What is this part of the polish language called and how does it work?
"Masz mapa gratis?" This is incorrect.
"Masz mapę gratis?" Correct.
How can I know when and how to change the end of the the word mapa? What is the name for this, is it a declension?
Other wrong examples maybe:
Masz lampka gratis?
Masz książka gratis?
Masz kubek gratis?
Masz krześło gratis?
Yes, it's declension (deklinacja or odmiana przez przypadki). There are seven (in practice six, the seventh is quite limited) grammatical cases (przypadki) in Polish and it's a long process a) to learn the different endings (that depend on the case and on the gender of noun) and b) to learn when which case should be used.
Which case to use will result mainly from:
- the verb (like in your example, the verb "mieć = to have" requires an Accusative case (Biernik),
- the preposition ("travel/go/walk to" requires a different case than "stay/be/remain at").
In your exemples the Accusative case would be:
lampkę, książkę, kubek, krzesło (you made a spelling mistake, there's no "ś" in krzesło, just "s", although there are different cases and sometimes the "ś" will be used as well, in the form "krześle" which is Instrumental case - Narzędnik).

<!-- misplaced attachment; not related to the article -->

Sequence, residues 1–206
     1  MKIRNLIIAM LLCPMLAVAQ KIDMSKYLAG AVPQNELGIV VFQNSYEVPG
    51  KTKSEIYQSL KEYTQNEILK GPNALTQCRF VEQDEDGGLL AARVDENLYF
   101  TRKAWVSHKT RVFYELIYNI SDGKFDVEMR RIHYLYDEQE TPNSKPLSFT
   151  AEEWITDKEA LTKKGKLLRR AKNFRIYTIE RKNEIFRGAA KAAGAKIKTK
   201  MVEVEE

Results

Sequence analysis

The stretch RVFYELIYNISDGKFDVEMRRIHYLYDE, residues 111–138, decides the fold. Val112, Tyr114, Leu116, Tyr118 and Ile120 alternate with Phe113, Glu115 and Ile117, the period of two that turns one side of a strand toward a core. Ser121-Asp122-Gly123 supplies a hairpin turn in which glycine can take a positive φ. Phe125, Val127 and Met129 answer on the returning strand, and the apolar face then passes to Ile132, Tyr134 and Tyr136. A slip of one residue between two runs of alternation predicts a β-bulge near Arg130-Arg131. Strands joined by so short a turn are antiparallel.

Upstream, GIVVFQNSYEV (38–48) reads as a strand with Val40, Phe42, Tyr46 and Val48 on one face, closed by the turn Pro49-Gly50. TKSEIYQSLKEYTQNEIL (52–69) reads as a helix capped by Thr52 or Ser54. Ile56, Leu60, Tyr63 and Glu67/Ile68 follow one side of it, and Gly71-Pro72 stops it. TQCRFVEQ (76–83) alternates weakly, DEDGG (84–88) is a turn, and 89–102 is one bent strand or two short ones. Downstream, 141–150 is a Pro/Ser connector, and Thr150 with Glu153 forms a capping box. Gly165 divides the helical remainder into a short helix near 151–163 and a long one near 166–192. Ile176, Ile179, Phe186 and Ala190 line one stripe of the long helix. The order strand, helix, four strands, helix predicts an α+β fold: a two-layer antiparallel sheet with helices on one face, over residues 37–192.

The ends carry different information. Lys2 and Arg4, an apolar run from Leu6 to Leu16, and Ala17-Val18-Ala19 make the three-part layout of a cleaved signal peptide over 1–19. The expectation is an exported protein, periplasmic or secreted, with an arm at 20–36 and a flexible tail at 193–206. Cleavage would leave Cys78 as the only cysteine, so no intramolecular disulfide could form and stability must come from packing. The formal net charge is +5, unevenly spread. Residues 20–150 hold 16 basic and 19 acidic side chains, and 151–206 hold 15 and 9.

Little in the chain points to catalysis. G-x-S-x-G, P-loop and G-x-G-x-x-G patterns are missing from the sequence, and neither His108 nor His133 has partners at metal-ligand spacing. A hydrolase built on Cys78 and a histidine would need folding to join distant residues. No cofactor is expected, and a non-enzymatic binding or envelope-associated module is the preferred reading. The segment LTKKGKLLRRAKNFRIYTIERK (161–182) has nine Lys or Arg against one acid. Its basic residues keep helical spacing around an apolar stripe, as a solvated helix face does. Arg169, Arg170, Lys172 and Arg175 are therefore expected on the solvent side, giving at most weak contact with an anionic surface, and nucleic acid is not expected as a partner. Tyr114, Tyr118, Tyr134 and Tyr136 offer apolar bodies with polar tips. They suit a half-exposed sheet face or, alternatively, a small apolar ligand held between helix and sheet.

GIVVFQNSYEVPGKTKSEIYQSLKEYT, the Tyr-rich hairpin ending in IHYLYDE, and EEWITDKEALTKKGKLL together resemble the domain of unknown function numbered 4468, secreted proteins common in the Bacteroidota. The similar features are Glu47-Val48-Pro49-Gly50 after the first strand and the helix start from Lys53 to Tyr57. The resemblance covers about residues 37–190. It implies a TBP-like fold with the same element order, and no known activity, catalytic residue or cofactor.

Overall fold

And of course it's even more complicated, if you substitute the loan-word "gratis" with and adjective (bezpłatna, darmowa) then the adjective needs to be declined too.
Masz bezpłatną mapę?
As I wrote, there are seven cases (in singular and in plural), but the number of endings for a word is usually (always?) lower, some cases have identical endings, unfortunately the identical endings don't follow a straight forward pattern, it depends, again, on the gender of the noun and on some other factors (I don't want to annoy you with the details right now), but as you could see, the neuter noun (krzesło) and the masculine, object - not a person or animal, noun (kubek) have identical endings in the Accusative and Nominative cases, while the femminine words (książka, lampka, mapa) have different endings.
A very simplified, but much easier version:
It's the accusative case. Always with the word mieć (mam, masz, ma etc.), and many other words as well. "The thing one has is associated with the accusative case".
Nouns that normally (which means nominative case) end in -a, end in the accusative case in -ę.
Words that do not end in -a, usually don't change when converted into the accusative case.
This is not always true, but it's a much eaiser rule to learn (to start with).